Goal: To provide a complete criminal history for background checks by collecting and entering the court disposition of criminal cases, matching with the corresponding arrest information.
Manually modified and corrected over 34,691 records in 2020, ensuring that state and federal criminal background checks are accurate for the purposes of employment, licensing, and criminal justice purposes.
Reviewed and researched over 50,498 records for errors in criminal charges, dispositions, and discrepancies in identifiable information for citizens of South Carolina.
Manually added over 5,412 dispositions to the criminal records, making them available in background checks.
Sets gun flags on the state repository and the national system, flagging over 340 people in 2020 as prohibited by state and/or federal law from possessing a firearm.
Disposition Research Unit (DRU)
Goal: To research missing court dispositions, enter into the state criminal history repository, and complete the criminal record.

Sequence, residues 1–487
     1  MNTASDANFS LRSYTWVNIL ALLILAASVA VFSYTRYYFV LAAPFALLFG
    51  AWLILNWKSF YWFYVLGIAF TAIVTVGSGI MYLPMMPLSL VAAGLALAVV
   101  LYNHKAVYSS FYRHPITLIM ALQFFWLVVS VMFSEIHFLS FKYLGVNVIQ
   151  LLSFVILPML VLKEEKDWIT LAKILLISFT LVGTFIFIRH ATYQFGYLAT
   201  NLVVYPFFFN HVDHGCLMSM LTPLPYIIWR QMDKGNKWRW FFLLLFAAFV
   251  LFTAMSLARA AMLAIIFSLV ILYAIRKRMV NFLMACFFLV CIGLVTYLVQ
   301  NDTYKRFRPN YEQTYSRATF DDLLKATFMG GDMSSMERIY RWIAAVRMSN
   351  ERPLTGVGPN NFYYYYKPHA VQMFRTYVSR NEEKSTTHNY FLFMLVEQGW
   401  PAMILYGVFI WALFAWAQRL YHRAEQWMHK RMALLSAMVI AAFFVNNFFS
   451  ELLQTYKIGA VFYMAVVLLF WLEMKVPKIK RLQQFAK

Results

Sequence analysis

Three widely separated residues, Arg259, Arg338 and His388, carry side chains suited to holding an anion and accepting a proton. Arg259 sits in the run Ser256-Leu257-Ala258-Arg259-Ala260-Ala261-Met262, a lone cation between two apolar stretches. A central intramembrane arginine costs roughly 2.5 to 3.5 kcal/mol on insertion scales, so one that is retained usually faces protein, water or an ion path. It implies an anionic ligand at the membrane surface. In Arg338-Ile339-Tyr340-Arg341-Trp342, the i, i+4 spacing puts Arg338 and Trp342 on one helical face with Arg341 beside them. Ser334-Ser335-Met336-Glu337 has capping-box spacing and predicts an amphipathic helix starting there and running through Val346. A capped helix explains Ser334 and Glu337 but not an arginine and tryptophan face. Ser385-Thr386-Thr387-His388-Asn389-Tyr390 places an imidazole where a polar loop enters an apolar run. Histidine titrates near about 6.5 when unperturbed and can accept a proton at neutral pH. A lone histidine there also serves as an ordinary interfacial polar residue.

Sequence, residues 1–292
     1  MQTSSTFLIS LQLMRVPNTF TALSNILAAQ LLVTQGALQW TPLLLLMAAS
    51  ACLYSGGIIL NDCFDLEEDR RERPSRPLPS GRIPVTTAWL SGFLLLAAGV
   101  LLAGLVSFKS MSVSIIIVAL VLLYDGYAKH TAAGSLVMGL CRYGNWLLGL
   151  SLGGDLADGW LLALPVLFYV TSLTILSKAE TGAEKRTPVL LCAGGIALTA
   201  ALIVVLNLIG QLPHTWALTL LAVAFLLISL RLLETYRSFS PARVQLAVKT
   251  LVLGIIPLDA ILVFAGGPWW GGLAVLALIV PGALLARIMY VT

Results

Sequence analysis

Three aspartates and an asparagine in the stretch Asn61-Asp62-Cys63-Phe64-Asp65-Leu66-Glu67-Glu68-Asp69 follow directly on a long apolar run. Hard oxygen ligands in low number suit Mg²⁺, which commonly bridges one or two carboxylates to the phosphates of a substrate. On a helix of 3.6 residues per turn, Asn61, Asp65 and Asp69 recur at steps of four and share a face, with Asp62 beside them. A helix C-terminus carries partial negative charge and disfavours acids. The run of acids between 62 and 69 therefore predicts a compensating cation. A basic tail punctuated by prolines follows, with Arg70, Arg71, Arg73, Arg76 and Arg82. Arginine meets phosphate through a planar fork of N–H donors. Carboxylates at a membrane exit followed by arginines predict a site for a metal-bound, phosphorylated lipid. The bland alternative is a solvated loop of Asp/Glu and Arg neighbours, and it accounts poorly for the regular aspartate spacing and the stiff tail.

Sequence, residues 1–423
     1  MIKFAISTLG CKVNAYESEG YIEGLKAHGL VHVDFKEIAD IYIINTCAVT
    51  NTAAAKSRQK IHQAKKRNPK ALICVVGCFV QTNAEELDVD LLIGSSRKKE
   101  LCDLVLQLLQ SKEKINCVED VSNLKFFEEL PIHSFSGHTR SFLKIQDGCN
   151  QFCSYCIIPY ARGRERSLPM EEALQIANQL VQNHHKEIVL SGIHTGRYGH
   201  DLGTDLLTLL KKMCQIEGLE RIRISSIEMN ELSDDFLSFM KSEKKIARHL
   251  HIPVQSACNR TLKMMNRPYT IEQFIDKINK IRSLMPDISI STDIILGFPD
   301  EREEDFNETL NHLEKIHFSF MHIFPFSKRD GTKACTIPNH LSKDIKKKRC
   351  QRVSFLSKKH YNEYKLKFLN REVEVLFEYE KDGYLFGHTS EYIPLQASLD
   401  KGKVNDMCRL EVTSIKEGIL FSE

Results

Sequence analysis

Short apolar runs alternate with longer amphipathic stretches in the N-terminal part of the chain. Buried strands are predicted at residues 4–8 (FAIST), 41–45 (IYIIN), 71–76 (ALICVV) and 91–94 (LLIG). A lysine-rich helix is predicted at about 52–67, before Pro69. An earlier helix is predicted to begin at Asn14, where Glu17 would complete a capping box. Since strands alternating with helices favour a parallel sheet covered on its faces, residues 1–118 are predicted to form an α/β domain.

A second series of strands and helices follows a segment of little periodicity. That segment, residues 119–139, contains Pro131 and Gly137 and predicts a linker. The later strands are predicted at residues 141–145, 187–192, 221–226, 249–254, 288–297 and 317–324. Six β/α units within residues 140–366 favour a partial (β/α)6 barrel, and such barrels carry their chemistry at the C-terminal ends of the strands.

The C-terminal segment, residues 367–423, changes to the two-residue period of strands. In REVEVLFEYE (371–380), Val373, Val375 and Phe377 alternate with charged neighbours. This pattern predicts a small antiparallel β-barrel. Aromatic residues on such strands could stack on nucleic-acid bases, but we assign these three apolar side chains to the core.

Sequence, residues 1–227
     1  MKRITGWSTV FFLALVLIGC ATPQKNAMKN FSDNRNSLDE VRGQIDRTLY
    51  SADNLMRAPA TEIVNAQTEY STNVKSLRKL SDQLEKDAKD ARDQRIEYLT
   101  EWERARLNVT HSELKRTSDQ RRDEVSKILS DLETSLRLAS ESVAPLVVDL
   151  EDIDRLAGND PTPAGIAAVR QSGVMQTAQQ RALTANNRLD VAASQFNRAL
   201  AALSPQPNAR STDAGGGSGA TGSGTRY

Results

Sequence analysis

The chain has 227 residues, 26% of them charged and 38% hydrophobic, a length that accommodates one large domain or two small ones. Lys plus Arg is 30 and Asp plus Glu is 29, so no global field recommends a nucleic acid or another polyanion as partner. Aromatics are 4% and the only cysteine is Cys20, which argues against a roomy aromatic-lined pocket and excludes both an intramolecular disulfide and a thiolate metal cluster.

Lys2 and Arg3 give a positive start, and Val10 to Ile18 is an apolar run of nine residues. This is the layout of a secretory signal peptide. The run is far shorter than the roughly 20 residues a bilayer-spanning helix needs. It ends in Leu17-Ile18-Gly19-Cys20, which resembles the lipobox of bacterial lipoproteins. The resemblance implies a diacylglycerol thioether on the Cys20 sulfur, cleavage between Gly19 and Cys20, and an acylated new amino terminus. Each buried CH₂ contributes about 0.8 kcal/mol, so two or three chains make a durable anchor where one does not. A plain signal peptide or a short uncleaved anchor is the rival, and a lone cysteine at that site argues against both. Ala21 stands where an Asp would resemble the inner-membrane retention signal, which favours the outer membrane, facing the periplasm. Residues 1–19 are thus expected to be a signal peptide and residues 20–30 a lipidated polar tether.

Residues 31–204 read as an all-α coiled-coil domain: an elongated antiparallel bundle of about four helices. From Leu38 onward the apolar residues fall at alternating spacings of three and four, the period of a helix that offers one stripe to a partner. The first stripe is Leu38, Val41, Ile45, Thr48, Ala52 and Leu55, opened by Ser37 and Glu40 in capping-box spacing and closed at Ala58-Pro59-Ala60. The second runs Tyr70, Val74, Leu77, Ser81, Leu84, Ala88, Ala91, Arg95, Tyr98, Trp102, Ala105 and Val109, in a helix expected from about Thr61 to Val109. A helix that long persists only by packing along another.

Created in May 2018 to find and enter the 3.6 million arrests missing final dispositions on the criminal history.
Researched and responded to 394 requests for information on arrests and dispositions from FBI NICS and other states to assist in making determinations in firearm sales in 2019.
In February 2019, the DRU began researching 72,569 pseudopointers—person records currently managed by the FBI with South Carolina arrests. Throughout the rest of the year, 32,205 of the records were researched to determine whether the state version of the record is complete enough to take over management from the FBI.
In April 2019, the DRU received a list of 178,571felony arrest charges from 2008—2017 missing final dispositions on the criminal history. In the first nine months of this project, 9,045felony arrest charges have been researched with 82% resolved by adding a final disposition to the record.
Goal: Process court-ordered expungements of arrest and disposition information to provide an accurate criminal history record.